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  • New in the Literature: Physical Therapy on Balance in People With Multiple Sclerosis (J Rehabil Med. 2012. Sept 19. [Epub ahead of print])

    Authors of a meta-analysis published in the Journal of Rehabilitation Medicine report that their findings indicate small, but significant, effects of physical therapy on balance in people with multiple sclerosis who have a mild to moderate level of disability.

    A systematic literature search was conducted in Medline, Cinahl, Embase, and PEDro, both electronically and manually up to March 2011. The authors selected randomized controlled trials of physical therapy interventions in people with multiple sclerosis, with an outcome measure linked to the International Classification of Functioning, Disability and Health category "changing and maintaining body position." The quality of studies was determined by the van Tulder criteria. Meta-analyses were performed in subgroups according to the intervention.

    Of the 233 full-text papers screened, 11 studies were included in a qualitative analysis and 7 in a meta-analysis. The methodological quality of the studies ranged from poor to moderate. Low evidence was found for the efficacy of specific balance exercises, physical therapy based on an individualized problem-solving approach, and resistance and aerobic exercises on improving balance among ambulatory people with multiple sclerosis.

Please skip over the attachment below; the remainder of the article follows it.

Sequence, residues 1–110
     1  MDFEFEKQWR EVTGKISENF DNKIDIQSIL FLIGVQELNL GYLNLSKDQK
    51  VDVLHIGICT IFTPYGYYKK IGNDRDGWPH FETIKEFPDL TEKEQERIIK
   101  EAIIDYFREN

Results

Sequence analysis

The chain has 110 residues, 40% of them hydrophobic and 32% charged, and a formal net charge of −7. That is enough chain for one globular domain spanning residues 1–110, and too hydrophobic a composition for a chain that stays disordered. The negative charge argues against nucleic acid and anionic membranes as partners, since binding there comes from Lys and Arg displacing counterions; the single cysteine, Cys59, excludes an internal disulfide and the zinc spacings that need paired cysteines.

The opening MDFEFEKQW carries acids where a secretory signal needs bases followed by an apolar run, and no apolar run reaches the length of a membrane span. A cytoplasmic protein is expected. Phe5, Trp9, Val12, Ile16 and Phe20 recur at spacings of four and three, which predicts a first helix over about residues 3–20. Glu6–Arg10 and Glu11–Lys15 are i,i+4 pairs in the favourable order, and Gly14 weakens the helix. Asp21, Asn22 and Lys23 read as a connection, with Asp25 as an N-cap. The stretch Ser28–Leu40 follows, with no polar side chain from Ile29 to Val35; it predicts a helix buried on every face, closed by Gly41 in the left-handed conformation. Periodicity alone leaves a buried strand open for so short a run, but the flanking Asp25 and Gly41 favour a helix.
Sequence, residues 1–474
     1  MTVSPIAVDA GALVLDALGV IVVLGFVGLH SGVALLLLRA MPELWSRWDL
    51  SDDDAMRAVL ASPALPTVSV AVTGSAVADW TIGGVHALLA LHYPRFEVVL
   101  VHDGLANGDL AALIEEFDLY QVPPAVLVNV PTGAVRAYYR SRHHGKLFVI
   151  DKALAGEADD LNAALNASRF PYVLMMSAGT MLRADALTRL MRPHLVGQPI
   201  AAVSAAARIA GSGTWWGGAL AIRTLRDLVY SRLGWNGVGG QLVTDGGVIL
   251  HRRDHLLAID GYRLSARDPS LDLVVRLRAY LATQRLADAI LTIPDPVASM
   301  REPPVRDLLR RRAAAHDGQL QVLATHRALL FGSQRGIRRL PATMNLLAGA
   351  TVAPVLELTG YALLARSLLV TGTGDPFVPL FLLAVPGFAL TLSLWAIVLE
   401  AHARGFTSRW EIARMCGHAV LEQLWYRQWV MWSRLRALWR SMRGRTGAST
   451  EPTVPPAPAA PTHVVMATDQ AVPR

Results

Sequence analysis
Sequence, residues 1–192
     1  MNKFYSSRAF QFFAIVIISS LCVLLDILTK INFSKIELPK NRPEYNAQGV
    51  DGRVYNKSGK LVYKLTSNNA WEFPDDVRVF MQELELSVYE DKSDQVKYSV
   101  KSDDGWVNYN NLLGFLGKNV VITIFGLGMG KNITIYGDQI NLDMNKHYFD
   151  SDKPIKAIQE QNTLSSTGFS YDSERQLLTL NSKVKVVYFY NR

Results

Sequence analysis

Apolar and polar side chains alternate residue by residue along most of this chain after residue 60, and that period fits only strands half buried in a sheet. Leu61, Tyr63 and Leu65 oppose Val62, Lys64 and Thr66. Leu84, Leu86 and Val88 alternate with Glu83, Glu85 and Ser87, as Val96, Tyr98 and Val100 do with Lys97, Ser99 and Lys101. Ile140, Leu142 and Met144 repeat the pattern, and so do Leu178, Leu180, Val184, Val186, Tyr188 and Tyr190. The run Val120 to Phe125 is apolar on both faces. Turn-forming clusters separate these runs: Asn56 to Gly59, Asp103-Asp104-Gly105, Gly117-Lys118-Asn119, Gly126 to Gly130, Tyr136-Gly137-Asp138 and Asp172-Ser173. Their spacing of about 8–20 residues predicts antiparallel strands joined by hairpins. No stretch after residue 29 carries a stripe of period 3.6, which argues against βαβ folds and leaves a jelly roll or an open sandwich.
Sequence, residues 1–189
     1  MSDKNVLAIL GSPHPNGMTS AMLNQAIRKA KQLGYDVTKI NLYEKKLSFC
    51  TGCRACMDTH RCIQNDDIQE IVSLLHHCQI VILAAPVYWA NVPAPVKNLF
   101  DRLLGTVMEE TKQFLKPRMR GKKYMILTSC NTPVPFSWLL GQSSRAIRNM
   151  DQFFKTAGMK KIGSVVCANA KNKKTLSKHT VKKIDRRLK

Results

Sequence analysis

APTA's 'Fit After 50' Campaign Officially Under Way

    APTA's  Fit After 50 campaign is officially under way. Launched in conjunction with National Physical Therapy Month, Fit After 50 is designed to reach Baby Boomers with the message that physical therapists play a vital role in helping people aged 50 and older remain active, fit, and mobile as they age.

    Check out 50 Days, 50 Ways, a daily series of 50 tips for Baby Boomers from APTA members about how to prevent injury and maintain mobility by staying active and fit. Find the tips on www.moveforwardpt.com/FitAfter50, Twitter @MoveForwardPT, and Facebook.com/MoveForwardPT. Encourage your friends, family, colleagues, and community members who are 50 and older to visit the site and share the tips with their social networks.

    Also check out the APTA Fit After 50 Member Challenge, an opportunity to nominate a deserving APTA member, including yourself, who is 50 years old or older and committed to being active and fit, and encourages others to be the same. Go to www.apta.org/FitAfter50/ to learn more about the campaign and submit your nomination.

    If you are currently helping people aged 50 and older to remain active and fit as they age, let us know by contacting public-relations@apta.org.

    Additional House Proposal Town Halls Scheduled